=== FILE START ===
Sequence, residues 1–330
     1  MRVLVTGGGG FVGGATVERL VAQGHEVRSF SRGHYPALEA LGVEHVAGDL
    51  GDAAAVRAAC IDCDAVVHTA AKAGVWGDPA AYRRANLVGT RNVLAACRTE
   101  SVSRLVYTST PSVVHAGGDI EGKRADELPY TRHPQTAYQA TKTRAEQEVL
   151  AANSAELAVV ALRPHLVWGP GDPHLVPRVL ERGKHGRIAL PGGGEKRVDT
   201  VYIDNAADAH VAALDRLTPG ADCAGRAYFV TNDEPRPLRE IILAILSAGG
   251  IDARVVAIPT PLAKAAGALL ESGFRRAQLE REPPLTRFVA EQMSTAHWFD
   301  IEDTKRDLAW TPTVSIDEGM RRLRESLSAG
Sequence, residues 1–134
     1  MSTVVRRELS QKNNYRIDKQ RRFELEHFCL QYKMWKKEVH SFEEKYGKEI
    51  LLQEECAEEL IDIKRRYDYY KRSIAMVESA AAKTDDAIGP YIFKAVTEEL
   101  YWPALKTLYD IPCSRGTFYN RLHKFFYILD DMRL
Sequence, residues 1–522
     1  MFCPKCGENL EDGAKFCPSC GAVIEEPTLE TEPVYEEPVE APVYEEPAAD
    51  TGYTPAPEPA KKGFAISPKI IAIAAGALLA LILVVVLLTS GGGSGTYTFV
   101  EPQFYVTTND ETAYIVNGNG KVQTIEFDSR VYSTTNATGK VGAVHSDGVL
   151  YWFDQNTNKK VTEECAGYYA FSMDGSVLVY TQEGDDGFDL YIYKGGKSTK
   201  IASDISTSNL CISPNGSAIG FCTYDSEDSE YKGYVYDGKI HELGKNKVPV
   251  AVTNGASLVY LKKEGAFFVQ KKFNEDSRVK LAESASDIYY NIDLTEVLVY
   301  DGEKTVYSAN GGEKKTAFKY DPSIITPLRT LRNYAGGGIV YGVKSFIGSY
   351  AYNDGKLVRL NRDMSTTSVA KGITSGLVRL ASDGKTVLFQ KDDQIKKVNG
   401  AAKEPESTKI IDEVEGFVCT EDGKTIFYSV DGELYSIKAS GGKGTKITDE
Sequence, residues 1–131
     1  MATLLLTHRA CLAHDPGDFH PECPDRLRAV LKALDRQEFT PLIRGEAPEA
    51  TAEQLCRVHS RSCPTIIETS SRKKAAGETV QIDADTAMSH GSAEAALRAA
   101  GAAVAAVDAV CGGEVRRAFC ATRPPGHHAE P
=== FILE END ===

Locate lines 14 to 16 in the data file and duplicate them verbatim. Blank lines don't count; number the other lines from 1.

     1  MFCPKCGENL EDGAKFCPSC GAVIEEPTLE TEPVYEEPVE APVYEEPAAD
    51  TGYTPAPEPA KKGFAISPKI IAIAAGALLA LILVVVLLTS GGGSGTYTFV
   101  EPQFYVTTND ETAYIVNGNG KVQTIEFDSR VYSTTNATGK VGAVHSDGVL